You are hereDIR-1990-05-14


Doc Type: 
Burt, Richard
Full Title: 
NSDD 40 - Decisions on START Issues
Language Type:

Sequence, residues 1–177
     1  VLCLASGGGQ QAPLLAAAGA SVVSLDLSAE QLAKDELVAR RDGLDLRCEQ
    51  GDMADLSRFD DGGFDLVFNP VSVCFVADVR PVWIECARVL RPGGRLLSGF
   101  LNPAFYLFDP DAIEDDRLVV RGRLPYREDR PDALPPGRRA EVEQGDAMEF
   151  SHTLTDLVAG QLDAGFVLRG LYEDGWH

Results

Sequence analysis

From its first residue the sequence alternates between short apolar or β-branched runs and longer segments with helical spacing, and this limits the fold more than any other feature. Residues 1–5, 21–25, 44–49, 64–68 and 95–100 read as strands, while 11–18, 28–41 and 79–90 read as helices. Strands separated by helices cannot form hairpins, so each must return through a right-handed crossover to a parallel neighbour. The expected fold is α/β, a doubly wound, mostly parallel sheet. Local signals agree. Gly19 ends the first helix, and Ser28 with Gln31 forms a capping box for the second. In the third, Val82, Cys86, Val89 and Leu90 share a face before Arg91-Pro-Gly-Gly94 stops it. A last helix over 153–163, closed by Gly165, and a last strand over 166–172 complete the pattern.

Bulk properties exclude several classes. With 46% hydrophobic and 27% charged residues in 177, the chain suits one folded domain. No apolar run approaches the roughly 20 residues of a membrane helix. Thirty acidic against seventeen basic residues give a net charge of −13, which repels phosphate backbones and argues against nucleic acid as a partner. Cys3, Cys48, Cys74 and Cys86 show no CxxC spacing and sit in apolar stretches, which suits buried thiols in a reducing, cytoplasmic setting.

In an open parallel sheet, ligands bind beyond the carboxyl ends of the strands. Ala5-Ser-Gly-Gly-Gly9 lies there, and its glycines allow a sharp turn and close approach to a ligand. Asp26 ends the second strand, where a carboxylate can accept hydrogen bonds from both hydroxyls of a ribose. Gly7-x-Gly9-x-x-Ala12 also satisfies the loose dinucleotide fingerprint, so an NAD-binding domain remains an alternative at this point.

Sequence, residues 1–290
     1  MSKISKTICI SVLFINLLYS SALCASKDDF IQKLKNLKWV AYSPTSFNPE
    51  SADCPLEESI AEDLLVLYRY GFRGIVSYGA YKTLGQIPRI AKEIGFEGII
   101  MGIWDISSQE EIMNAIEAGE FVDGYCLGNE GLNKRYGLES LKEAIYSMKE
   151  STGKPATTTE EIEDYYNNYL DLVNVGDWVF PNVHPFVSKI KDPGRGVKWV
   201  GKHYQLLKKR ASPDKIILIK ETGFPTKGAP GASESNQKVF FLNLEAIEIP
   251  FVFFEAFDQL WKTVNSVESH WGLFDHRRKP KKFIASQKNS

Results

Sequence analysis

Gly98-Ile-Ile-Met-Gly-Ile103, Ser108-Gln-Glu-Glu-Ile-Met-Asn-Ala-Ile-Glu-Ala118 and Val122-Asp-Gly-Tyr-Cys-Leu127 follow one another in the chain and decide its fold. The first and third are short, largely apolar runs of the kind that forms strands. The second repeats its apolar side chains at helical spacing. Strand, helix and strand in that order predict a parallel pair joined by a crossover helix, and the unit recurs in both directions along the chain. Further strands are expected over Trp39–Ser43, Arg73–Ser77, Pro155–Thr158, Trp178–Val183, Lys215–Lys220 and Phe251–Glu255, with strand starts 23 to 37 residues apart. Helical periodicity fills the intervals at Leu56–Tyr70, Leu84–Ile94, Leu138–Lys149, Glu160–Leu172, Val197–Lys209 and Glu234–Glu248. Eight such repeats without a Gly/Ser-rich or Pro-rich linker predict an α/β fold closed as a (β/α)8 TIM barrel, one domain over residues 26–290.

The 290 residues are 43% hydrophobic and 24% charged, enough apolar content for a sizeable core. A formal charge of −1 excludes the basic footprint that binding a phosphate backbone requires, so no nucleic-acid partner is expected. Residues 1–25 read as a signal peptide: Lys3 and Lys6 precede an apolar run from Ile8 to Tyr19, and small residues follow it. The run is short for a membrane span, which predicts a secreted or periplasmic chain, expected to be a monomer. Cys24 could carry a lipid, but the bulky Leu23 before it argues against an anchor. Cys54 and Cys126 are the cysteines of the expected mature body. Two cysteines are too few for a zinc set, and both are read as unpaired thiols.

The language in this SECRET five-page Directive signed by President Bush takes the reader back to the intricacies of Cold War arms control negotiations between the superpowers, with a profusion of acronyms, subceilings, devilish details, and not-so-hidden agendas. The story behind the very first item on the list, the non-nuclear air-launched cruise missile Tacit Rainbow, reveals the real reason why it took so long to complete the START treaty (it wouldn’t be signed until July 1991). Tacit Rainbow, at the time of this Directive still in development and not yet in production, was intended to be a jet-powered mini-drone that could hover over enemy targets (assuming massive air attacks were on their way), wait for enemy radar to light up, then destroy those air-defense radars. This system would be cancelled in 1991 before even entering production in part because of cost overruns and also because of audit findings that decoys would be more effective against ground radars. Yet the hard line taken by U.S. START negotiators attempting to leave open this kind of U.S. option for developing non-nuclear cruise missiles added years of delay on overall cuts in strategic weapons. Likewise, the language on submarine-launched cruise missiles – allowing 875-1000 of them to be deployed without any on-board verification procedures – was more the product of U.S. military service rivalries for new weapons systems than any real assessment of U.S. national security. After all, many more U.S. cities were on the coasts and thus vulnerable to Soviet SLCMs than were Soviet cities vulnerable to U.S. SLCMs – a zero option would have made the U.S. more secure.